Well, I have not examined the minutes of our Board to see if it really was discussed and voted upon by a majority of the members, but when I joined in 1968, I was told that Dr. White’s bequest had been used for this annual dinner in his memory as long as there was money to pay for it, then only to buy the champagne for the toast to his memory, and then in my time even the champagne money was drunk up.

We still talk about him. He was in every sense a “character”, a special Philadelphia character. A lot of this information comes from a biography his friend Agnes Repplier published in 1991. J. William White’s father James William White Senior was a doctor, the founder of Womens’ Maternity Hospital, and President of the S.S. White Dental Supply Company, an extremely successful business which operated until recently from a big building just down there on 12th Street. The Money that flowed from this business enabled our Dr. J. William White to do pretty much what he wanted all of his life.

He was very smart boy, strong, and with a bad temper. He got into fights at school, but he also managed to earn both an MD and PhD from the University of Pennsylvania in 1871, at the age of 21. He maintained a passionate loyalty to Penn all of his life. Directly after graduation, he obtained a job on a U.S. Coastal Survey ship, the Hassler, on a survey of marine life and ocean bottoms conducted by Professor Louis Aggassiz of Harvard. He was hired as a “Hydrographic Draughtsman” but it turned out he was to be the expedition photographer and film developer because nobody else knew how to do that. Before they sailed, he also wangled a job as correspondent for the New York Herald. They sailed from Boston in December 1871, explored their way around South America and arrived in San Francisco in August of 1872. On his way home by train, young Dr. White stopped in Salt Lake City to hear Brigham Young preach. Brigham Young preached against doctors and lawyers, and told the women in his audience that they should not employ obstetricians, that they and their babies would be better off without them.

When Dr. White returned to Philadelphia, he went to work, first as a resident at Philadelphia General Hospital, then a doctor for Eastern State Penitentiary, where he apparently lived for a while, where he took boxing lessons from a giant prisoner. By 1876 he was an Assistant Demonstrator of Practical Surgery at Penn, and a couple of years later he was working under the most prominent Philadelphia surgeon Dr. D. Hayes Agnew. In Thomas Eakins’ famous painting “Dr. Agnew in his Clinic” we can see Dr. White doing the actual cutting, while Dr. Agnew is giving the lecture.

This picture is also interesting because right there in the middle of the action is a stalwart female, the surgical nurse. By the time of this picture, both Drs White and Agnew were having trouble with the Board of Governors: female students were complaining that they were not allowed into these clinics. Drs Agnew and White replied that “the nature of the diseases and the conditions of the patients made the presence of females undesirable.” The doctors offered to quit and the Governors apparently backed down. But what about that nurse?

Another famous story: In 1877 Dr. White was elected to the First City Troop. For some reason this didn’t look right for a young doctor, because in these long years between wars, the Troop was know more for parties, banquets and balls than for national defense. However, he joined, enjoyed the parties and the riding. Previous Troop surgeons had worn regular street clothes; Dr. White put on the fancy Troop uniform. Probably at a party, a Trooper named Adams objected, became loud . Dr. White floored him. Mr. Adams sent a formal challenge to a duel.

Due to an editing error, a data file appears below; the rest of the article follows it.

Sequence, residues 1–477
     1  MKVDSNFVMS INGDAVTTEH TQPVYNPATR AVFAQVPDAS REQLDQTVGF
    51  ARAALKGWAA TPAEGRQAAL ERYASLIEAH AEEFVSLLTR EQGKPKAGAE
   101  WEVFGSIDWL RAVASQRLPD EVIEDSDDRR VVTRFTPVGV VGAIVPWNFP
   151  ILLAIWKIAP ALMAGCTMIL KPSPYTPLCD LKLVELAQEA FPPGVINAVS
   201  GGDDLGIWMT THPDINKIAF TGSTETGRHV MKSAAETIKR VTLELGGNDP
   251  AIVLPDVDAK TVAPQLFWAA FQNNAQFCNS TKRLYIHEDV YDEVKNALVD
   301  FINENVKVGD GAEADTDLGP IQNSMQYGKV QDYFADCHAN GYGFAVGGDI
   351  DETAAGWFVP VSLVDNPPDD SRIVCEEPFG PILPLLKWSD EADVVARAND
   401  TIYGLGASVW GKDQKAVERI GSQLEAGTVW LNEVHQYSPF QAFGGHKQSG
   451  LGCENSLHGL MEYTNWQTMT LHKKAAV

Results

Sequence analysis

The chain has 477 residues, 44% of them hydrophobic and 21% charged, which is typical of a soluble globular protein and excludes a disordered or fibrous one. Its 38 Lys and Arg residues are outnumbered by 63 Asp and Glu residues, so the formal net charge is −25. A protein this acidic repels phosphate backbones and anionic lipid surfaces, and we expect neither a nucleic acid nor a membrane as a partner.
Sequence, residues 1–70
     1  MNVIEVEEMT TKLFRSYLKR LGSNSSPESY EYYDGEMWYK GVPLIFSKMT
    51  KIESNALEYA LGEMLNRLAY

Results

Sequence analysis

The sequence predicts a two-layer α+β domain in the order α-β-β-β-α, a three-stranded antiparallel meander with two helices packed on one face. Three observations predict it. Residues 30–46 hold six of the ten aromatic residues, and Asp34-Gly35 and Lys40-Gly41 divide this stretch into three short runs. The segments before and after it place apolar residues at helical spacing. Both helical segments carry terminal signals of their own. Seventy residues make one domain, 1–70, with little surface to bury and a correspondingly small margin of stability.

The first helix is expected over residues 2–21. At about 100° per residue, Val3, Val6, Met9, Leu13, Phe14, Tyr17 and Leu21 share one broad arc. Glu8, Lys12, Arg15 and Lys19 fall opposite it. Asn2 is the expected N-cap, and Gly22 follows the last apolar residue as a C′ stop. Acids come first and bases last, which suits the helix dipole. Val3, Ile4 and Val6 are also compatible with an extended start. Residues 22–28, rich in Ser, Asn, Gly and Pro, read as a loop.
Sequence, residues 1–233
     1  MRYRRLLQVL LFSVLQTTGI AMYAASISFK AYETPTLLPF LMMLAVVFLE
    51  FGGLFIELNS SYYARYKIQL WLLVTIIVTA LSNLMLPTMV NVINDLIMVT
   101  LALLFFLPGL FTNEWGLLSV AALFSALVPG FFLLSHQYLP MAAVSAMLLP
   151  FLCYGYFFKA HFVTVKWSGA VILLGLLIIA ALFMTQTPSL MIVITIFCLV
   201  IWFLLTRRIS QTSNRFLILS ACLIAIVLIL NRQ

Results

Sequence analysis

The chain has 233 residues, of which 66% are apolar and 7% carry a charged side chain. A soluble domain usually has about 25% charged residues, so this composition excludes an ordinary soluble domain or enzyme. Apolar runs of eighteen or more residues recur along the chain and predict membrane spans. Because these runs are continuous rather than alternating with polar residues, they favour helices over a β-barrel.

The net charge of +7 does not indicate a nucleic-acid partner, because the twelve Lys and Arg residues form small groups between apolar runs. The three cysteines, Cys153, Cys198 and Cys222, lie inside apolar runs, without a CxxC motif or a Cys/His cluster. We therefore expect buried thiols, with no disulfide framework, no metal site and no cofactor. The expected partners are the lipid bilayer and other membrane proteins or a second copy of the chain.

Sensation! Nobody could remember a duel in Philadelphia, where it was against the law. The newspapers were in an uproar. The New York Herald, for which Dr. White once wrote letters from his voyage around South America, invented a story about a lady who was supposed to be the real cause of the fight. Mr. Adams and Dr. White, accompanied by seconds and a surgeon, crossed the Mason-Dixon Line, took single shots at each, shook hands and went home. Dr. White shot into the air. Years later, Adams confessed that he had aimed at Dr. White, but missed. Eventually the storm blew over, but it is remembered as the last duel around here — as far as I Know.

As to the City Troop, Dr. White’s Will left $5,000 in Trust for a “J. William White Fund, the income to keep remembrance of the facts that I served as Surgeon and was the first incumbent of that position to be directed by the Troop to wear the time-honored full dress uniform.”

I don’t know if the Troop bought champagne to keep remembrance.

Although Dr. White became one of the best surgeons here, and wrote several successful text books, he is mainly remembered for his passion for athletics. He was made the first Director of Athletics at Penn. He built the first Gymnasium, he built Franklin Field, he arranged for Army-Navy Games to be played here, he got his friend Theodore Roosevelt to attend, he spent every summer either climbing the Rockies or climbing the Alps together with his very sporting and strong wife, Letitia. Letitia was also a better shot than her husband.

Perhaps Dr. White’s most famous sport was called “Angling for Men”. He learned this sport on vacation in Narragansett Bay. The players are in a rowboat, and the contestant jumps into the water, with a strong rope tied around his waist. The Men in the boat try to haul the Swimmer back into the boat, while he resists. When Dr. White was 46 years old it took three of his friends 38 minutes to get him back within 100 feet of the boat, but they never got him in!